This October, the NFL will be playing three games in England as part of its NFL London series. All three games will take place at the famed Wembley Stadium, so we’re here to get you ready for a jolly good game day.
Wembley Stadium has played host to NFL games abroad since 2007. And it’s one heck of a venue if you’ve never been. And if you have, then you probably agree. This fall, the NFL returns to London with there NFL London Games: the Oakland Raiders play host to the Seattle Seahawks on October 14th; the Tennessee Titans take on the Los Angeles Chargers on October 21st; and the Jacksonville Jaguars and the 2018 Super Bowl Champs, the Philadelphia Eagles, wrap up the London series when they face off on October 28th.
If you’re an American visiting London for one or more of these games, you are in for a treat.
GAME DAY & TAILGATING AT WEMBLEY STADIUM
Wembley is located in west London, about 45 minutes by car from the tourist center of London (we Google mapped it from Big Ben, for example). It is perhaps more easily accessible for the masses by the tube, reachable on both the Jubilee and Metropolitan lines. The stadium itself is considered by Brits to be the “spiritual home of English football” and an incredible game day destination for sports fans more generally. Packing in 90,000 screaming fans at full capacity, Wembley plays and has played host to the English National (Soccer) Team, the FA and EFL Cup finals, the FA Community Shield, the 2011 and 2013 UEFA Champions League finals, the 2012 Olympic Games gold medal soccer match, rugby’s Challenge Cup final and a plethora of big, big concerts (think Queen Bae, Madonna, Michael Jackson, Queen, Oasis, Eminem, Coldplay, Foo Fighters, U2, etc). In addition to being the NFL’s London home, it will also host the 2020 UEGA Euro Championship final in 2020.
So yeah, over all, not a bad or unpopular place to watch sports (or go see a concert).
If you’re used to American tailgating, beware: while there is parking at Wembley, it’s quite limited. (Plus SUVs and pickup trucks, smokers and our other tailgating go-to’s aren’t so popular over there). That said, you can book parking in advance here.
Don’t let this get you down though. The NFL does a pretty decent job setting up fun fan activations around the grounds. Check out this video shot by a 49’ers fan at Wembley 8 years ago. You can also head to the organized NFL London Tailgate, which is being held at The Drum on the grounds of Wembley. Do make note that this is a ticketed event, with tickets going for £75 (about $98).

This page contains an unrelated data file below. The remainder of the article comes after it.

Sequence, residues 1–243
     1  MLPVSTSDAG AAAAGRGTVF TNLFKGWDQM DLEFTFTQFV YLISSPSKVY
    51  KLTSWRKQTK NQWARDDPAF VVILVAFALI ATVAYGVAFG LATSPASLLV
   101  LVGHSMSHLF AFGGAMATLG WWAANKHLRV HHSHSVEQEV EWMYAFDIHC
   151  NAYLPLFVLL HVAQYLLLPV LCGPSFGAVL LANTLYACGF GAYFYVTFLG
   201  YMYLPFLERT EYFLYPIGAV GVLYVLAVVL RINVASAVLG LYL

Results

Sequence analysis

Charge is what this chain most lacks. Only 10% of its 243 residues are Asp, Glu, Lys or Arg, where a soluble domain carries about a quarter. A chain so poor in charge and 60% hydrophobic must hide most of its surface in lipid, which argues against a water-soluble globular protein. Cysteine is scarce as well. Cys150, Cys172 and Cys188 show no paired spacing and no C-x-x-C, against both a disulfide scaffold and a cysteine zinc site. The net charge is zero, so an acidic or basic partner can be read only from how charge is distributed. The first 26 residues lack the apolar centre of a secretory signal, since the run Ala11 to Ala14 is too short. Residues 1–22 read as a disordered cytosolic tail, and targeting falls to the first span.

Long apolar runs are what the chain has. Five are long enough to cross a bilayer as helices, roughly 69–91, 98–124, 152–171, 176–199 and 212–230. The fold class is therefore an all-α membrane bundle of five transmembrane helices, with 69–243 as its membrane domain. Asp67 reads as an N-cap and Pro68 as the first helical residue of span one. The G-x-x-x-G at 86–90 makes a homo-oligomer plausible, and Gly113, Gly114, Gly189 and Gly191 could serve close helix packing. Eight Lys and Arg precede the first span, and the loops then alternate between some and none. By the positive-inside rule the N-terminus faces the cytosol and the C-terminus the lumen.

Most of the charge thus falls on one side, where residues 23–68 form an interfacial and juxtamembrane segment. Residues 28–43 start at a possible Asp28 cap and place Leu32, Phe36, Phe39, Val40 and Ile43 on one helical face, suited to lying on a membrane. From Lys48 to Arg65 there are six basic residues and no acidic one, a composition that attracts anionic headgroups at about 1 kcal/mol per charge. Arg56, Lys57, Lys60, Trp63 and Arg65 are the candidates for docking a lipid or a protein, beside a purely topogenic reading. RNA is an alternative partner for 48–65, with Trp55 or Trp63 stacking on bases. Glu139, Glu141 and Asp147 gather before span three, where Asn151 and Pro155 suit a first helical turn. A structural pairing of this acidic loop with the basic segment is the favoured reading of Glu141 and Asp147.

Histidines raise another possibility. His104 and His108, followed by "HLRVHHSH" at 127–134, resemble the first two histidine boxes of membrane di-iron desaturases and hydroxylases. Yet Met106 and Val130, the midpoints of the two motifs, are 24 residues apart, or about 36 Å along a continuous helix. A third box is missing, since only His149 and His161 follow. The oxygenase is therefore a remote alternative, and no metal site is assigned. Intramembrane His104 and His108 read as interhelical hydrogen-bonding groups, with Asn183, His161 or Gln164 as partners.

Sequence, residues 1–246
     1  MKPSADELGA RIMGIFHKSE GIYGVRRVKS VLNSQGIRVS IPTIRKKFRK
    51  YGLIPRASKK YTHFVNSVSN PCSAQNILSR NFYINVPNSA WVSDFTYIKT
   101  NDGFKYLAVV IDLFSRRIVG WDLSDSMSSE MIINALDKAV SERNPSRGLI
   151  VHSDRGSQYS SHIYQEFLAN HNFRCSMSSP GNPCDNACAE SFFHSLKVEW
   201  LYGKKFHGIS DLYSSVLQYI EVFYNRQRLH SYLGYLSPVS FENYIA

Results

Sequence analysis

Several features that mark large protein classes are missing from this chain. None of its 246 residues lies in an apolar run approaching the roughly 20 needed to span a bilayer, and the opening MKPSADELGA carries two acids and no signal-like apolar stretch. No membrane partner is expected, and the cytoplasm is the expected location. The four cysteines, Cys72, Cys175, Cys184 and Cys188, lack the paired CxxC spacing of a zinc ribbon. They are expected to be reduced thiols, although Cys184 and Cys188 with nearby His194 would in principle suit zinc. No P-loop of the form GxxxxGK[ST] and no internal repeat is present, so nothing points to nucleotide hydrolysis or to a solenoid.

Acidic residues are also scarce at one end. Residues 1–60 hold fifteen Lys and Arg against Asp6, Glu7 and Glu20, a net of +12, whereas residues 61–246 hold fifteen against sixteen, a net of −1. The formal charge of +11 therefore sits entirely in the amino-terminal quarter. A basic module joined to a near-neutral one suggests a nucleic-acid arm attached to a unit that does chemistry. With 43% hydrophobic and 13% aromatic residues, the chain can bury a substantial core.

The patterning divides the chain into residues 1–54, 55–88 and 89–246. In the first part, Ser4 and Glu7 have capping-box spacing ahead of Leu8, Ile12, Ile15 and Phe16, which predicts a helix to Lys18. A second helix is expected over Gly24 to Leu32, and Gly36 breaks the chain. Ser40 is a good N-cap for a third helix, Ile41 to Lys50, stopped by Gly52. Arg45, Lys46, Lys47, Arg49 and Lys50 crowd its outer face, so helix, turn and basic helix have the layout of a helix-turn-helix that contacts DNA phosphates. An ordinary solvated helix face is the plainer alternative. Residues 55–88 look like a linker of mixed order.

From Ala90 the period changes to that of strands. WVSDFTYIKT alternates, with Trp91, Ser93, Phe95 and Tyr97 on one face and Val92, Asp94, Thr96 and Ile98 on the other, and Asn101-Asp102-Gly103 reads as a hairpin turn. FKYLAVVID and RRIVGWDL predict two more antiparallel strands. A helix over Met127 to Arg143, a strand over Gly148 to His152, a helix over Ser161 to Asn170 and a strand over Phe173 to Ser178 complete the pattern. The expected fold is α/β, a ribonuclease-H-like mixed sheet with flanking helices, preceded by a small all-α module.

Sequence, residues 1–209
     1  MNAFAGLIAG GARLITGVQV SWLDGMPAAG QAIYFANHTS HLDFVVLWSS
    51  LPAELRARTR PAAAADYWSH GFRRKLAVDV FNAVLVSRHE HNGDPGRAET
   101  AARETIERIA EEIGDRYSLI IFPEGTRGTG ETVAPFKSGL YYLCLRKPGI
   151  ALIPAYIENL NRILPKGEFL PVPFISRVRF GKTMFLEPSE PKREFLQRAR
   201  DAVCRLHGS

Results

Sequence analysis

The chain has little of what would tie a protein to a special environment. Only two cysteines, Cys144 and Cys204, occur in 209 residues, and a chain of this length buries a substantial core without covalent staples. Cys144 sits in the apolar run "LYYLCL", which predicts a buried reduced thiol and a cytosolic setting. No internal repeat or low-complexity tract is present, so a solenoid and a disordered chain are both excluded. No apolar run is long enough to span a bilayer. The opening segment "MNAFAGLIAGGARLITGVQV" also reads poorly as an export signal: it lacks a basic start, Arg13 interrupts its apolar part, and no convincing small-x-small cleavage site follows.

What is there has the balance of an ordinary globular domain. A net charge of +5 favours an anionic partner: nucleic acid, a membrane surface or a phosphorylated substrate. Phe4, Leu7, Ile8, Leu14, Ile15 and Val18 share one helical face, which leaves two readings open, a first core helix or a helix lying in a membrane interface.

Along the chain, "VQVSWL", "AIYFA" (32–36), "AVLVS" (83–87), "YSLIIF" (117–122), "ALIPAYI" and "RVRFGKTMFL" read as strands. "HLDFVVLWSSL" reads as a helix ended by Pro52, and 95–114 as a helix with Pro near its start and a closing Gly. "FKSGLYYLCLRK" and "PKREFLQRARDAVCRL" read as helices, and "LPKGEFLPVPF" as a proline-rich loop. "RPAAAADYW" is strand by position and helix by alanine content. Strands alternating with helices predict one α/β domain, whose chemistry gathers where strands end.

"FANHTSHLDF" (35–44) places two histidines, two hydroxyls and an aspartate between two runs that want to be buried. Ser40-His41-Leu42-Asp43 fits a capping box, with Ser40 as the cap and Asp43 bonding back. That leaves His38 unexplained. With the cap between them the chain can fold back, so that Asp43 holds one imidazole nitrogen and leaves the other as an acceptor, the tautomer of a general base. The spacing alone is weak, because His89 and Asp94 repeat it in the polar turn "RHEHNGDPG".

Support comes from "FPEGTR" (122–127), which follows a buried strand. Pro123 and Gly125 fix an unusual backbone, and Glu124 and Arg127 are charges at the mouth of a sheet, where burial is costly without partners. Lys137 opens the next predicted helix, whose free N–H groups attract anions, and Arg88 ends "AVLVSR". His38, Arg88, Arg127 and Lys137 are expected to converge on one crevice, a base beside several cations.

$98 gets you three and a half hours of partying, unlimited food+beer+wine+sodas and music, plus other stuff. ➡️
An English breakfast usually consists of eggs, breakfast meats (bacon, sausage, sometimes haggis), beans, toast, cooked mushrooms and roasted tomatoes. People generally seem to be a bit divided on their adoration for this selection—but if this is ultimately your bag (baby), then there are some great breakfast spots you should check out that aren’t too far from the stadium.
Ecco’la Café and Pizzeria: A super cute Italian spot that opens early at 9am on Sundays and serves a mean breakfast, including a big English breakfast option (and other more Italian-style breakfast items).
Blue Check: For those of you looking for a later breakfast, they open on Sundays from 12-2 and feature fairly standard pub fare. But it’s good and very close to Wembley.
Sunrise Cafe: The place for a very solid English breakfast. Heads up: cash only.
J.J. Moon’s: They open at 8am for those ready to get their game day on early. The prices are pretty good and for a pub they do a solid English breakfast. Note: this is also a great spot to grab some pints before the game if it’s beer o’ clock for you.
You can’t spell pre-game or tailgate without beer. (**Scratches head for a second…this doesn’t actually work, but it’s true that beer is pretty crucial**). So here’s something great: London is a very beer-lover-friendly town. And the area around Wembley Stadium is no exception. Here are some suggestions from England’s The Evening Standard:
There’s plenty of choice when it comes to pubs within walking distance of the stadium. The Wembley Tavern, found five minutes from Wembley Park station, is always bustling with fans ahead of kick-off.
Fans walking in from Wembley Central can also pass by Thirsty Eddie’s on the High Road, which is great for Guinness. Fans on a budget should also visit JJ Moons, a Wetherspoons located just down the road.
A little further afield, the Globe pub opposite Baker Street station is usually busy with fans looking to enjoy a few drinks before heading into Wembley, too.
And finally, one helpful tip to keep in mind: On an NFL Sunday, pre-game, a lot of the door staff at these places may not let you in without a ticket to the game.
Once the game is over, it’s usually a congested mess of a commute back to Wembley Park station. People hang out and loiter on Wembley Way, waiting for the crowds to subside. (Remember, this stadium to seat 90,000 people! That’s 90,000 folks all looking to get home).
To avoid these crowds, we suggest hanging back and maybe grabbing a bite. One option is to head to the London Designer Outlet, which is close to the west end of the stadium grounds. Here, you’ll find a bunch of food chains in London such as Pizza Express, Zizzi, Wagamama, the Handmade Burger Co and Prezzo. There are also places like Las Iguanas to grab a drink.
If you’re looking for something less chain-y and more local, check out spots like:
Sultan Kebab House on Harrow Road
Ealing Road is a street found close to Wembley Central station and we are told it is the place to go for a curry. Choose from these spots: Gana, Palm Beach Restaurant, Masala Canteen and Dosa Express. If you’re vegetarian, check out Savaravanaa Bhavan.
Head here for more of London’s best greasy spoons. Safe travels to the game and enjoy, football fans!!!